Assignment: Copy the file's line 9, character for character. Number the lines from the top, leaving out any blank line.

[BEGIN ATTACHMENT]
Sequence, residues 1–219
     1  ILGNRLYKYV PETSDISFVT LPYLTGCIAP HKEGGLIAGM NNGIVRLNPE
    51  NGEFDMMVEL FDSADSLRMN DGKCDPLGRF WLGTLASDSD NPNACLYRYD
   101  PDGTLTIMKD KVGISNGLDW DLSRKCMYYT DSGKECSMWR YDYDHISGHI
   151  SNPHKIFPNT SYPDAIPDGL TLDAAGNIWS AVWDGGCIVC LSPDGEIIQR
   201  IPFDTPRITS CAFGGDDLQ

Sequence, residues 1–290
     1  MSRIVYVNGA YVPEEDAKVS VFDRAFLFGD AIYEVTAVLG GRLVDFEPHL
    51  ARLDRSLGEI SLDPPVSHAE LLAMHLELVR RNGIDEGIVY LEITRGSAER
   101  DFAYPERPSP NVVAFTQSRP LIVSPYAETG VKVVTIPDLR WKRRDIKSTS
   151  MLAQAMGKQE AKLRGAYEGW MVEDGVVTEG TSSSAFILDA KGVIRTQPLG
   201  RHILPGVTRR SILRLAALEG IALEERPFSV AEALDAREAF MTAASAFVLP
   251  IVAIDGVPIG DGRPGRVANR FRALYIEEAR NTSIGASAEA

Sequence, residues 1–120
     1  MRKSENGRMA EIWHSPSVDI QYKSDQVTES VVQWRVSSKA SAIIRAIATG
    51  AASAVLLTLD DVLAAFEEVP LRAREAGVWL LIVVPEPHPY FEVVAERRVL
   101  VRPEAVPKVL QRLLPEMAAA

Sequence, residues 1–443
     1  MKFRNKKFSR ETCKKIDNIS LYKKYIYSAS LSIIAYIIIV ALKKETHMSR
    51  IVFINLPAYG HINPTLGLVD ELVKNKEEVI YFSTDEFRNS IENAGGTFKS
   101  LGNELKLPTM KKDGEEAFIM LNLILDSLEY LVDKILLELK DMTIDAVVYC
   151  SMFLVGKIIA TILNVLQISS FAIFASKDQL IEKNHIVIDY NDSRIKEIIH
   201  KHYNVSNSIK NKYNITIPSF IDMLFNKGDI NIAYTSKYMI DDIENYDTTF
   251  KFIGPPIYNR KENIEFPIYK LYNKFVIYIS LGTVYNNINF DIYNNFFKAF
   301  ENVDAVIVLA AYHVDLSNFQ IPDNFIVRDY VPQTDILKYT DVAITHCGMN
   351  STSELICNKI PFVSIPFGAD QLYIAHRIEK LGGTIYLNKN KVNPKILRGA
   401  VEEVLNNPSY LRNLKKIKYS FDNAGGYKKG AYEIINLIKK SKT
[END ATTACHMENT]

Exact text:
    51  ARLDRSLGEI SLDPPVSHAE LLAMHLELVR RNGIDEGIVY LEITRGSAER